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Home Information about Donation 6. What happens to the donor who is found to be compatible with a patient awaiting transplant?

6. What happens to the donor who is found to be compatible with a patient awaiting transplant?

The stem cells can be obtained in two different ways. The choice depends on the indications given by the specialist and it reflects the patient’s and the donor’s characteristics.

The first and older way of obtaining HSC consists in bone marrow grafting from the posterior iliac crest and it requires hospitalization of the donor. The donor will be treated in the nearest qualifies centre where HSC are obtained after general or epidural anesthesia in about 45 minutes. The procedure has minimal risks which are connected with anesthesia and modality of grafting.

The quantity of bone marrow blood obtained from the pelvic bones varies according to the size of the donor and the necessity of the patient but it is usually around 0,7 and 1 L. After the donation the donor is kept under scrutiny as a precaution for a few hours and then discharged with an indication to rest and take it easy for 4-5 days. The bone marrow subtracted from the donor regenerates itself in 7-10 days. The donor could manifest a slight pain in the area where the grafting has taken place, but it is self limited and vanishes in a few days. The donor will then be followed for a year post donation to keep his health condition under control.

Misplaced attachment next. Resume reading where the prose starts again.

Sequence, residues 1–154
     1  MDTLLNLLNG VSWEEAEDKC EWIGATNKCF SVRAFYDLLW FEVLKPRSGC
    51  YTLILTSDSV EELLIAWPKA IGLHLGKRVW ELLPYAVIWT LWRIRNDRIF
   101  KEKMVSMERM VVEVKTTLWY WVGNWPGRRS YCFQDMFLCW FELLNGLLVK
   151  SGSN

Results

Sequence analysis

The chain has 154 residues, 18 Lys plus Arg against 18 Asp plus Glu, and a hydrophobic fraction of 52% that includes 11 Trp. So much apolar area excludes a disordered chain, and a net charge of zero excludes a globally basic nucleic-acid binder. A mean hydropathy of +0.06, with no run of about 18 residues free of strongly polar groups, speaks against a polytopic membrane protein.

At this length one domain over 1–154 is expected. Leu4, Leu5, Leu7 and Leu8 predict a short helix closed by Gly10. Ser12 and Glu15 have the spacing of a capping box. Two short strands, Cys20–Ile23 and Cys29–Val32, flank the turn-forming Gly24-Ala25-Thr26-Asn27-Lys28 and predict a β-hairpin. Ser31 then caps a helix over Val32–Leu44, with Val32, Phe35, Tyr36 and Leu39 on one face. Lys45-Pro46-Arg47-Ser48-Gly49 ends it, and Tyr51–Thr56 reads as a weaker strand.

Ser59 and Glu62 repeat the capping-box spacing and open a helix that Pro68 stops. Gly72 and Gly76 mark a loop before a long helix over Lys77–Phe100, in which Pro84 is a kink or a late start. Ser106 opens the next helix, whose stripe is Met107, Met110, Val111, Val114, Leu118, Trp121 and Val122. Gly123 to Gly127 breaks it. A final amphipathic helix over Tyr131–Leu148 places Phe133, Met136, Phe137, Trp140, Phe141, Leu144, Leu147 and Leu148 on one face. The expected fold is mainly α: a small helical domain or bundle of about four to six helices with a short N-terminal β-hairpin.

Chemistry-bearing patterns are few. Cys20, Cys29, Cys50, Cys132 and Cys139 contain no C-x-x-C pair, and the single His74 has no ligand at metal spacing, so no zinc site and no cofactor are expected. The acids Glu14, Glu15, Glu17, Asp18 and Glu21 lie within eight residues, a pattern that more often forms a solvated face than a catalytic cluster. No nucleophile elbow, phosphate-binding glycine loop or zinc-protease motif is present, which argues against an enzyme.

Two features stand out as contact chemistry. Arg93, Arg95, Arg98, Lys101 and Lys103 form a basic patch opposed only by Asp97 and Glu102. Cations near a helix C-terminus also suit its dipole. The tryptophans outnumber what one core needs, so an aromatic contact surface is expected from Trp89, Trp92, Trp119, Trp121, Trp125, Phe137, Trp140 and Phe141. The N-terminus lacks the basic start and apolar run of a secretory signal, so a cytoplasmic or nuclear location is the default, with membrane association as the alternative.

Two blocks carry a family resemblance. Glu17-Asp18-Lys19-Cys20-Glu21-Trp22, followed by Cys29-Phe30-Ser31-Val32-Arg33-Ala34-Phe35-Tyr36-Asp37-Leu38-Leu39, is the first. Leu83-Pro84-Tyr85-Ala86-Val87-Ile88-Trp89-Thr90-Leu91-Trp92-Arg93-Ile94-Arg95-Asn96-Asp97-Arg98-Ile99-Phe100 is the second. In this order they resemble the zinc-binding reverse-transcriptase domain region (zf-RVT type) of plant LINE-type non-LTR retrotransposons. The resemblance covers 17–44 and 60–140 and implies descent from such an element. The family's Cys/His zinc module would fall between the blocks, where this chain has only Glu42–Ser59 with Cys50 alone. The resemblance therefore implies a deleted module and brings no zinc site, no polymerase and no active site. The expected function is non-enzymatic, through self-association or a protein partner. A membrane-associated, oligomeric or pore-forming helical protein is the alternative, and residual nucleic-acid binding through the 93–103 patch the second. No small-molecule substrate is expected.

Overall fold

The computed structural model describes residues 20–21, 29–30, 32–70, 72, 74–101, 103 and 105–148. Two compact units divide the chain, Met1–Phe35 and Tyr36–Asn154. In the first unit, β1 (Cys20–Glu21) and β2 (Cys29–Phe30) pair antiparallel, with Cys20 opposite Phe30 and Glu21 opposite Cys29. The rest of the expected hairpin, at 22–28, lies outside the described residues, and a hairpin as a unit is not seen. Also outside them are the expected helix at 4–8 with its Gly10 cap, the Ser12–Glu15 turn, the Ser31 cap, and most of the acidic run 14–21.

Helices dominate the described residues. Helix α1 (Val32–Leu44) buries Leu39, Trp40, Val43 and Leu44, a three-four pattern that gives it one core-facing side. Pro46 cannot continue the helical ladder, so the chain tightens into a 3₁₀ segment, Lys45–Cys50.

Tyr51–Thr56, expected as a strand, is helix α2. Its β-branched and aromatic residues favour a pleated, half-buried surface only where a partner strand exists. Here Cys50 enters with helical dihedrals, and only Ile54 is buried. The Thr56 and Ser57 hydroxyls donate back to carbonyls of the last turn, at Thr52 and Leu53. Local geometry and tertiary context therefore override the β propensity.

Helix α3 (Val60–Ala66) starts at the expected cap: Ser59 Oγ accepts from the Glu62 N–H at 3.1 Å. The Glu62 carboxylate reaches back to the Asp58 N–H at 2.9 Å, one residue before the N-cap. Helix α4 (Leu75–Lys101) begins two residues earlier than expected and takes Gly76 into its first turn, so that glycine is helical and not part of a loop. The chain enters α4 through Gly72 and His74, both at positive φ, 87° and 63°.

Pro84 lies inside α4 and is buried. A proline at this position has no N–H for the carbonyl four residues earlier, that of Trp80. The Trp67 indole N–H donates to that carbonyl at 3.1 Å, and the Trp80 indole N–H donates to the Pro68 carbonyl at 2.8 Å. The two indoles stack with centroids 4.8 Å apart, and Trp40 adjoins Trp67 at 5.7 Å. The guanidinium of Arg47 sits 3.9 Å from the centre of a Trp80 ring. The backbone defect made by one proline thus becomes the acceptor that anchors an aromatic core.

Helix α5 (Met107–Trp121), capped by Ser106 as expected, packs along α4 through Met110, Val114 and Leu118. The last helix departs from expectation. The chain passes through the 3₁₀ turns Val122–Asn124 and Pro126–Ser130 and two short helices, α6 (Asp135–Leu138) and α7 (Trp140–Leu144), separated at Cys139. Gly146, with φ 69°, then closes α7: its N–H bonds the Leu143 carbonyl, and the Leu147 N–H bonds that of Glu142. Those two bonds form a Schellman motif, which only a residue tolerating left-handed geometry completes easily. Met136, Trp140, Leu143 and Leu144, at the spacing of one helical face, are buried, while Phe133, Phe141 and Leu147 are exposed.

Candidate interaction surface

The second way to donate HCS is to harvest them from peripheral blood after a specific stimulation with hematopoietic growth factors.

During the last few years, there has been a rise in usage of the new transplant protocols which use HSC harvested from the peripheral blood stream after adequate stimulation with growth factors.

In this case, a specific drug is administered 3-4 days before blood is grafted. The drug is a growth factor that allows stem cells to divide at a faster rate and facilitate their mobilization from bone marrow to the peripheral blood stream; the drug is given with a subcutaneous injection. Hematopoietic stem cells are obtained after blood cell separation procedures: the blood, taken from the veins in an arm, is passed through a sterile circuit and placed in a centrifuge where the cellular fraction needed for the transplant is separated from the blood and transferred in a container while the rest of the blood is returned to the patient via infusion.

There are no additional counter indications for this method but donors with difficult venous access are excluded.

The symptoms caused by the pharmacological stimulation of the donor include: slight fever, headache, bone pains and fatigue and they promptly end after the procedure. Throughout the whole world thousands of donors have donated HSC using this method and no serious side effects have been reported.

The donor is monitored for 30 days after donations to avoid any possible side effect. The donor may also be contacted up to 10 years post donation as a follow-up.

It is clear that neither of the two donation methods produce organic damage.

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